There are currently no active references in this article.
A deciduous shrub with downy, slightly-ribbed branches. At Kew, where it is almost invariably cut back to the ground each winter, it sends up a dense thicket of erect, scarcely branched shoots 2 to 4 ft high, clothed from top to bottom with leaves. Where the climate is milder the shoots survive, and it then becomes a much-branched shrub, perhaps 6 or 8 ft high. On a wall at Kew it has reached a height of 10 ft. Leaves pinnate, 2 to 4 in. long, composed of thirteen to twenty-one leaflets; leaflets 3⁄8 to 5⁄8 in. long, obovate or oval, clothed with grey appressed hairs on both sides, the apex notched or rounded and having a short bristle-like tip. Racemes produced from the leaf-axils in succession from below upwards, on the terminal part of the shoot. They are 3 to 5 in. long, bearing short-stalked, pea-shaped flowers 1⁄2 in. long, rosy purple, two dozen or more on each raceme. Calyx downy, with lance-shaped lobes. Pods deflexed when ripe, 11⁄2 to 2 in. long, 1⁄8 in. wide, cylindric, six- to ten-seeded.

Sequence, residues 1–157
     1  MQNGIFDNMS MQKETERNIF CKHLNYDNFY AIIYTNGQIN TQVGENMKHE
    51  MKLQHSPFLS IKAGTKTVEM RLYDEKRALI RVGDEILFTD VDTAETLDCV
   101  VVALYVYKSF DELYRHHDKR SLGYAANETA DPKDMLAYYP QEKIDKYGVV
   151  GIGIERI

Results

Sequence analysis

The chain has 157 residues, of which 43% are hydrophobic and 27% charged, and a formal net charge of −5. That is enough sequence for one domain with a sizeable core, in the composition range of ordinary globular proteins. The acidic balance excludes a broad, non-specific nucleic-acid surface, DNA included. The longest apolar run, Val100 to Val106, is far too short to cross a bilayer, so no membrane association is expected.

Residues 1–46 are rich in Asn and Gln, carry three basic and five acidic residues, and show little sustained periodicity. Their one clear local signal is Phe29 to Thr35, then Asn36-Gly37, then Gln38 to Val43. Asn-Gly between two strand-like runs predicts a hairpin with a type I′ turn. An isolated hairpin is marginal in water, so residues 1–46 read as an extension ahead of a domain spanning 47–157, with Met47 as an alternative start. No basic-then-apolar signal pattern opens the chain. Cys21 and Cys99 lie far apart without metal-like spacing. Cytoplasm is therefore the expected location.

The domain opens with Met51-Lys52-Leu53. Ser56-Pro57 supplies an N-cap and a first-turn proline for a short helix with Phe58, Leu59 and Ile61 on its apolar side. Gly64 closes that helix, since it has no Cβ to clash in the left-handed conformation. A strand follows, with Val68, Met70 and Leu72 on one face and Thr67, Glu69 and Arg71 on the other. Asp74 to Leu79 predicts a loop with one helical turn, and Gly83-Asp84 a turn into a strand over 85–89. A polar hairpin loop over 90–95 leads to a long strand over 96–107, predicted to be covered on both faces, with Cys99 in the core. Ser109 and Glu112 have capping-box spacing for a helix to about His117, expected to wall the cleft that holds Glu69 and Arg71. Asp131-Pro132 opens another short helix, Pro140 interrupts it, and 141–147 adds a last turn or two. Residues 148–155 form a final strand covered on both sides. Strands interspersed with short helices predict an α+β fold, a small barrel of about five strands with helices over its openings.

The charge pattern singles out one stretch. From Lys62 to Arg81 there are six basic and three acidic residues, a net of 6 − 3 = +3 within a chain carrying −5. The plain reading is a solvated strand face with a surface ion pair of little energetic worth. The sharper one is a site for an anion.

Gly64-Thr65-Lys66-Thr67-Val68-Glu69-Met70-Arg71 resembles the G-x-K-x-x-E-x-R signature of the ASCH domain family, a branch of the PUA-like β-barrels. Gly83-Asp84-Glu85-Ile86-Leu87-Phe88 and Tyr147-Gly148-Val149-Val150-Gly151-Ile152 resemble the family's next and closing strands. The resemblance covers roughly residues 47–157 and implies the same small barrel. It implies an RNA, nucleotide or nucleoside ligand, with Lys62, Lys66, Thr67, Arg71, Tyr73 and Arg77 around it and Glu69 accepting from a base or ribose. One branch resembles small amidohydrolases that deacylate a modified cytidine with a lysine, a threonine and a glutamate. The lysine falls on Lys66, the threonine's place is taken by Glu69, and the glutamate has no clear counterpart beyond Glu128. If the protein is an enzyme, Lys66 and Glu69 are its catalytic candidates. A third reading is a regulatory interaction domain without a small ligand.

Native of the north-western Himalaya. Commencing to blossom about the end of June, and continuing until the end of September, having also foliage of great beauty and luxuriance, this is one of the most ornamental of late-flowering shrubs. It has the disadvantage of starting late into growth, and it is not until June that the stools become well furnished. For this reason it is not suitable for planting alone in masses. It likes abundant sunshine, and does not flower so freely in dull seasons.
This species is better known as I. gerardiana. This name, and I. heterantha, appear without description in Wallich’s Catalogue, and it was the latter that was first validated.